2. Attacks on Democracy. [bullshit] The U.S. had already killed Democracy and the Nazis weren’t doing anything much different than was going on in the U.S. and Britain. In fact, the U.S. had long had a secret forces running the government and had basically stamped out socialism during WW1. Also, the German ban on trade unions, etc. was overblown. The Nazis set up an alternative system that was not bad (afaik).

      3. Enabling of Extremists. Maybe. But how much of this extremism was a direct result of Western meddling? The hyperinflation is looking more and more like a Soros style attack on a country rather than it being the Germans trying to “print” their way out of trouble. Ditto Versailles. Then there is the whole question of whether or not Hitler was actually a Rothschild type stooge that went rogue on them (or followed their diabolical plan).

  9. Bruce Stewart

    Before you put up another story alleging that extreme weather is a consequence of global warming, please look at what the IPCC itself says in its recent special report on weather extremes (IPCC SREX), for example:

    “There is medium evidence and high agreement that long-term trends in normalized losses have not been attributed to natural or anthropogenic climate change”

    Repeat, NOT.

    For more, go to Roger Pielke Jr.’s blog and search for “SREX.”

    1. Foppe

      The way I read that statement (which I would really prefer to have more context for, as this ‘conclusion’ strikes me as very high level), it is merely claiming that the increase in “normalized (how?) losses” cannot be attributed to AGW (but rather to socio-economic and other factors: more people living in areas that are affected by extreme weather events, etc.). But that’s something different entirely from claiming that GW isn’t causing more EW events. (Which, furthermore, might also just not be visible in the data yet, given that the talk of the increase is at best two years old at the moment.)


      One interesting aspect of the paper was the scientists’ use of the baseball player-steroids analogy to help explain how climate change can increase the odds of extreme weather: “One analogy of the effects of climate change on extreme weather is with a baseball player (or to choose another sport, a cricketer) who starts taking steroids and afterwards hits on average 20% more home runs (or sixes) in a season than he did before (Meehl 2012). For any one of his home runs (sixes) during the years the player was taking steroids, you would not know for sure whether it was caused by steroids or not. But you might be able to attribute his increased number to the steroids. And given that steroids have resulted in a 20% increased chance that any particular swing of the player’s bat results in a home run (or a six), you would be able to make an attribution statement that, all other things being equal, steroid use had increased the probability of that particular occurrence by 20%. The job of the attribution assessment is to distinguish the effects of anthropogenic climate change or some other external factor (steroids in the sporting analogy) from natural variability (e.g., in the baseball analogy, the player’s natural ability to hit home runs or the configuration of a particular stadium).”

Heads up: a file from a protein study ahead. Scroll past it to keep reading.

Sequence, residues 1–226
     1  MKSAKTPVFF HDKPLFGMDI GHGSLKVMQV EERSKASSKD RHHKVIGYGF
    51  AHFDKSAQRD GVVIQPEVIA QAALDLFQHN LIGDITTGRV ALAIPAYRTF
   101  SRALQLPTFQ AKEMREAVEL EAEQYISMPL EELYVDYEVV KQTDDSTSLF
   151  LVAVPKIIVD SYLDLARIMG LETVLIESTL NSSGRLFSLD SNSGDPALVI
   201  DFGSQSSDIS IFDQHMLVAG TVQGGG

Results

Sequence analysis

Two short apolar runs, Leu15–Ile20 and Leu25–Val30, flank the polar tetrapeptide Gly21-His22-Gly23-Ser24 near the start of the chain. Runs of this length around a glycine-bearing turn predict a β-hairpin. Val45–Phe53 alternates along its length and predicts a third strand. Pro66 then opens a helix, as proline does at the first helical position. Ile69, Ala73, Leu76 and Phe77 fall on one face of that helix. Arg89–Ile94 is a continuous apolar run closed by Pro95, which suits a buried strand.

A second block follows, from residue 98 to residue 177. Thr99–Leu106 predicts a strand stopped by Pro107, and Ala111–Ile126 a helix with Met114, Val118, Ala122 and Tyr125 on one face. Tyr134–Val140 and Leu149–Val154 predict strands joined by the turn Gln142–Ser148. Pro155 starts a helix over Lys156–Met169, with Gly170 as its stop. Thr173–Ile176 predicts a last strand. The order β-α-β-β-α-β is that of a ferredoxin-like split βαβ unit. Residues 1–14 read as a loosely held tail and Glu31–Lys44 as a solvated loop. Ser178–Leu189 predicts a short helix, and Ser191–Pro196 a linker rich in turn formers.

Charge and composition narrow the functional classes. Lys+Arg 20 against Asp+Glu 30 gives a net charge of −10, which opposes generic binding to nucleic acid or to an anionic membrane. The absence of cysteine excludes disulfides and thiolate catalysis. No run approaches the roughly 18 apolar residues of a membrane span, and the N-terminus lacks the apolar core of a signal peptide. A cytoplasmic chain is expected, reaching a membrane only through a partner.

1. Bruce Stewart

        Your opinions I have heard before. Any facts or science to back them up?

        Actually, your plane falling example sounds like an argument for a vulnerability approach.

    2. toxymoron

      Global warming causes extreme weather, just as smoking causes cancer. But you cannot state that global warming caused this derecho event or that Katrina disaster, just as you cannot state that this cigarette caused that cancer.
      As for Pielke, while he might have something useful to say in his scientific papers, nothing useful has ever come out of his blog rants.
      Consider yourself in a plane falling out of the air. You might debate whether its speed is excessive or not, whether its falling has a material cause or is human error, whether you’ll hit the ground soon or a bit later, we all know the final outcome of the story, so you’re better get the plane under control again.

    3. Bruce Stewart

      You will find some context in the IPCC SREX report, if you care to follow up. For example, you will find an explanation of how losses are normalized (roughly what you said – more assets in harm’s way).

      If you think there is another interpretation of “AGW cuasing more EW,” you might for starters compare recent US maps of the Palmer drought severity index (prepared by the National Climate Data Center) with the same maps for June 1934 or July 1936.

      In fact, not only is the recent heat wave well within the limits of historical records, it is actually reasonably well understood what does contribute to this particular extreme (hint: not greenhouse gases). Here is another resource which you should ignore if you don’t want to challenge your cherished beliefs:

      Gregory J. McCabe, Michael A. Palecki, and Julio L. Betancourt, 2004: Pacific and Atlantic Ocean influences on multidecadal drought frequency in the United States. PNAS 2004 101 (12) 4136-4141

      Note: PNAS papers are thankfully not paywalled.

      1. now beg me for water